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The array of Buddhist figurines, bracelets, ornaments, pendants and chop-sticks shone creamy-white under the shop spotlights in their display cabinets.
The Laotian woman behind the counter passed the wares to her Chinese customers who held them admiringly and carefully inspected the workmanship.
And she openly assured the would-be customers that the intricately carved pieces were ivory from Africa, the most desirable source, handing them a pen-torch to check for the pinkish hue that indicates high quality.
“The best,” she boasted in Mandarin, as other shoppers studied the list of contents in bottles of tiger bone wine.
In the cases next to them was a much more expensive luxury – rhino horn – sometimes carved into trinkets, but usually offered as bark-like strips on sale in jars, to be ground down, dissolved into water and drunk for “medicinal” purposes.
The store was one of several in a squat concrete market on the outskirts of Vientiane, the capital of Laos, that is the new Asian shop-front for the carnage of some of the world’s most majestic wildlife.
Elephant, rhino and tigers are being slaughtered in tens of thousands in Africa and Asia to satisfy the demand of predominantly Chinese consumers for products and “traditional remedies” made from their tusks, horns and bodies.
The Chinese government has in recent years clamped down on the illicit wildlife trade within its borders. So smugglers and buyers now conduct much of their business in their southern neighbours of Vietnam and particularly Laos – the “Wild East” for wildlife trafficking.
The Telegraph visited San Jiang market following information supplied by the Environmental Investigation Agency, a London-based international campaigning organisation that tracks and exposes global environmental crime.
“Laos has emerged as a safe haven for wildlife criminals as international syndicates seek weak spots where enforcement in poor and corruption thrives,” said Julian Newman, EIA’s campaigns director.
Combatting this sickening trade in endangered species is close to the hearts of the Duke and Duchess of Cambridge who this week toured a wildlife sanctuary in Assam, India.
They were told about anti-poaching initiatives, yet just hours later the scale of the crisis was brutally illustrated when a rhino in the same park was shot dead and its horn backed off.
With Prince Harry, the royal couple have founded United for Wildlifeto work with leading charities to fight the scourge.
Commenting on The Telegraph’s reporting from Laos, a Kensington Palace spokesman said: “It is absolutely vital that these markets are dragged out of the shadows and people learn the truth about what is going on.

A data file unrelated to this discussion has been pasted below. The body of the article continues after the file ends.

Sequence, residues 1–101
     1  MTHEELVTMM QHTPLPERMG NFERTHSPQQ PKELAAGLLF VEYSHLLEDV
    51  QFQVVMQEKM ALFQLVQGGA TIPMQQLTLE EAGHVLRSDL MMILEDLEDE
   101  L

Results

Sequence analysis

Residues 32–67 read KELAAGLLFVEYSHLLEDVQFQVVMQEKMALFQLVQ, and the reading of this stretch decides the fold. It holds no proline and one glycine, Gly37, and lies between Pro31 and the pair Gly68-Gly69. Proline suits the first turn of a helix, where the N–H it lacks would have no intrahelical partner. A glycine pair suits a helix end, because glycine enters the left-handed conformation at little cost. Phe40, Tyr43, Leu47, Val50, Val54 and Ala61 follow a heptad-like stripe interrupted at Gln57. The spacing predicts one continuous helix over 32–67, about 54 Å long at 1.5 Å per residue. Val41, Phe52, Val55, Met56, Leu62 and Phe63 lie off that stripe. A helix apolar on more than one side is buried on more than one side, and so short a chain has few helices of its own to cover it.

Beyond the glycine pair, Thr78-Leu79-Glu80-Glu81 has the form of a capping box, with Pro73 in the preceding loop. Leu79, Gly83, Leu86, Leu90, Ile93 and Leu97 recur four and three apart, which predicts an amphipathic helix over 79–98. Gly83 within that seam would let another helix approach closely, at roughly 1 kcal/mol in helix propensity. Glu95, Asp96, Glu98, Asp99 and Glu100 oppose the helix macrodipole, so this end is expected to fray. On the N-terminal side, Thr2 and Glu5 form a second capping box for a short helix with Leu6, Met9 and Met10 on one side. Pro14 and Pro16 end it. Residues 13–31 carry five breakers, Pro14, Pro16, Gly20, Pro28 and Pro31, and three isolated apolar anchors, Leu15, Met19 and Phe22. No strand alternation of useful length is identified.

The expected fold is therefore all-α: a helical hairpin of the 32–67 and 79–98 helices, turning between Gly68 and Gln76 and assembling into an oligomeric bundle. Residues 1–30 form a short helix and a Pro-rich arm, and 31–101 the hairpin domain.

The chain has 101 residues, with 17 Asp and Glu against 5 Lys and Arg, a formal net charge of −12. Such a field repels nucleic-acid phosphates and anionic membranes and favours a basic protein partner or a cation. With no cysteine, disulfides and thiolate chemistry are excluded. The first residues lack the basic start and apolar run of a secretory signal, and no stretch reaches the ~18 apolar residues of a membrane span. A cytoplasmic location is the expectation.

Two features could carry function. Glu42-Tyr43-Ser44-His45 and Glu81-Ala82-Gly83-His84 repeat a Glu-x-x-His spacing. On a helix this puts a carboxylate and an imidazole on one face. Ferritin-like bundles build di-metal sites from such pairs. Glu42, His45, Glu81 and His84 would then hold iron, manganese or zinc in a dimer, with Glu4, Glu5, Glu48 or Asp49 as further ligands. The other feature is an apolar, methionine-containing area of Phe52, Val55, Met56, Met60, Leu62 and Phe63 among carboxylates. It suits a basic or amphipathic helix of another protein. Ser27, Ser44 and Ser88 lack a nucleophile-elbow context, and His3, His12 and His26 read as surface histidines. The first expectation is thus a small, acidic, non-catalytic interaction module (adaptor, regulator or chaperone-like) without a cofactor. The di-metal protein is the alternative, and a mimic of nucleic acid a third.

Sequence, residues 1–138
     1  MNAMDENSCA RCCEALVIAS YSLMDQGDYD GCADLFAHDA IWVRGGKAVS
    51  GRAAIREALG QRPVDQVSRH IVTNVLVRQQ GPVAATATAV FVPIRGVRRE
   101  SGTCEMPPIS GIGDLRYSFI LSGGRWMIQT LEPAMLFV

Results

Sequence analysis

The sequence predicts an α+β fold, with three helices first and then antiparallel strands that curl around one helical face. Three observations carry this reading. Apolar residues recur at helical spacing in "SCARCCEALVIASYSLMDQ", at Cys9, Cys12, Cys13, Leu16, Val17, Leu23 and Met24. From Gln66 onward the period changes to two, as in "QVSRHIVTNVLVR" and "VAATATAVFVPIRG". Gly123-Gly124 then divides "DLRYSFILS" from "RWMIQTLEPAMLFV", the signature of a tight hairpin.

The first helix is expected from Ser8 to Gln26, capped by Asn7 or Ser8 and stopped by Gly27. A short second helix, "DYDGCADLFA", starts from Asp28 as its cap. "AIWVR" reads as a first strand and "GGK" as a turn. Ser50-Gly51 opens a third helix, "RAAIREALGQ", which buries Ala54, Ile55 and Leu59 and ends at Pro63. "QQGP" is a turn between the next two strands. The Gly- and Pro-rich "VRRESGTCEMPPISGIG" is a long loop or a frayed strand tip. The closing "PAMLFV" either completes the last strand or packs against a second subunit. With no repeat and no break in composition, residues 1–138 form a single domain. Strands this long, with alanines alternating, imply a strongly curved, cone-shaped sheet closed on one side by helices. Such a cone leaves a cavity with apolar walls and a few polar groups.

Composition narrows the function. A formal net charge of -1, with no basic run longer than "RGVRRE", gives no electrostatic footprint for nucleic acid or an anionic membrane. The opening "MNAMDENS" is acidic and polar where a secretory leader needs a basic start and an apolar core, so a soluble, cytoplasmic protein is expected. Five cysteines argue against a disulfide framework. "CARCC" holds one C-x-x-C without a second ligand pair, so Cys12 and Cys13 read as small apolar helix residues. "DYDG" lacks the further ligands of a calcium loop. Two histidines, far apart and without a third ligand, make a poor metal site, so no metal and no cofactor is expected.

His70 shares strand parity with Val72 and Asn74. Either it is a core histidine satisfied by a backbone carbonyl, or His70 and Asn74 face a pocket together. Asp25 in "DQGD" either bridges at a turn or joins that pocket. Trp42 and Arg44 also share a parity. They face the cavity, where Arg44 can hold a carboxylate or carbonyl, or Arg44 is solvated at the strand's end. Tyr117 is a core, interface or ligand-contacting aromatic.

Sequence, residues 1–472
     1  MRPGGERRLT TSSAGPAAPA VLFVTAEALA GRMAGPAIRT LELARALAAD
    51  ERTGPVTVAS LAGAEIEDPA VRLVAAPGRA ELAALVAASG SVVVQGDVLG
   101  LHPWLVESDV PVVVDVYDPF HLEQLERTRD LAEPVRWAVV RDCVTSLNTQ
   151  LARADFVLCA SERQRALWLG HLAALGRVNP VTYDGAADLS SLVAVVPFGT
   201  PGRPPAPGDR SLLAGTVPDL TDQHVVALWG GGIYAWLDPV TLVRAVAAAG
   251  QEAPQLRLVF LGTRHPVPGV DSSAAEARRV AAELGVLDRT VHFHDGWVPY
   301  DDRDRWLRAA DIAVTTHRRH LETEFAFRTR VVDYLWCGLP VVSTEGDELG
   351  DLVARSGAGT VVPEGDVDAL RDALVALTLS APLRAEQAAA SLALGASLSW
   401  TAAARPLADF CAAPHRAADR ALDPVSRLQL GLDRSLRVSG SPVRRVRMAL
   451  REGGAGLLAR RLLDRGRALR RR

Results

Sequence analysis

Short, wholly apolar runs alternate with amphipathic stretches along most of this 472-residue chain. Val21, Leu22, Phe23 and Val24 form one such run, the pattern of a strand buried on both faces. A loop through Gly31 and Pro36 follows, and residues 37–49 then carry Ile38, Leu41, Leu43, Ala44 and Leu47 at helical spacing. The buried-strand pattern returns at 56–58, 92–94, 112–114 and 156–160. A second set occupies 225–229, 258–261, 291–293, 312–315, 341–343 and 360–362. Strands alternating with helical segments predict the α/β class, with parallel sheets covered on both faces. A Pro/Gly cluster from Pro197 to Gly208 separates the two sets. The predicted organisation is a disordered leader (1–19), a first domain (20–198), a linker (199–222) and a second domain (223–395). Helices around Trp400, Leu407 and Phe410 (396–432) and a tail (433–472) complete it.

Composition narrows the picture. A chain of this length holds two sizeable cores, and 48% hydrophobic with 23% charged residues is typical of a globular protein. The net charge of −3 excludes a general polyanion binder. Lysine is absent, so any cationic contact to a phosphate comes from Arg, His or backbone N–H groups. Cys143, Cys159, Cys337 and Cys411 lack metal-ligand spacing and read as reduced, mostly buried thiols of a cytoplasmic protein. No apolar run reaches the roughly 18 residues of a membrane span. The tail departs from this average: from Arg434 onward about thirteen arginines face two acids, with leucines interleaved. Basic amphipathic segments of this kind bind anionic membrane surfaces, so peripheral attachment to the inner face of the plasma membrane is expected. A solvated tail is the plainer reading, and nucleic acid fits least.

“United For Wildlife and the Duke of Cambridge are completely committed to doing everything they can not only to protect animals but also to reduce demand on the ground because that is the only sustainable solution to the problem of poaching.”
A royal source said the Duke, who is aware of the market in Laos, will “have significant focus on reducing demand in South East Asia” later this year.
And a major anti-poaching summit will be held later this month in the Kenyan capital Nairobi attended by African leaders and international conservations, as well as celebrity campaigners such as Leonardo DiCaprio, Nicole Kidman and Elton John and philanthropists George Soros, Paul Allen and Howard Buffett.
There will watch the burning of 120 tons of seized ivory, the largest ever pyre of tusks, intended to send the message that poaching and trafficking do not pay.
But, Mr Newman noted, “those efforts will fail as long as markets in Asia remain open for business”. And as The Telegraph discovered at San Jiang, those markets remain highly lucrative.
We were shown one garish ornament carved out of rhino horn that weighed 321 grams. The seller did the numbers and came up with a price of $53,450, but offered to knock off the $450 if we bought there and then.
In its carved form, the rhino horn was retailing at a head-spinning $16,600 for 100 grams. Uncarved, it sells for about $6,000 for 100 grams – more expensive than gold – making a cut-off horn from a larger animal worth about $200,000.
The horn is usually ground down and dissolved into boiling water in China and also Vietnam where it is believed to have restorative qualities ranging from curing hangovers to cancer.
More affordable are the ivory trinkets and jewellery. Ivory has long been a much sought-after commodity in East Asia and newly affluent Chinese buyers are now driving the market.
In San Jiang, nearly all the buyers and many sellers were Chinese. The prices were quoted in yuan, conversations were conducted in Mandarin and the shop names are written in Chinese script first and then sometimes Lao.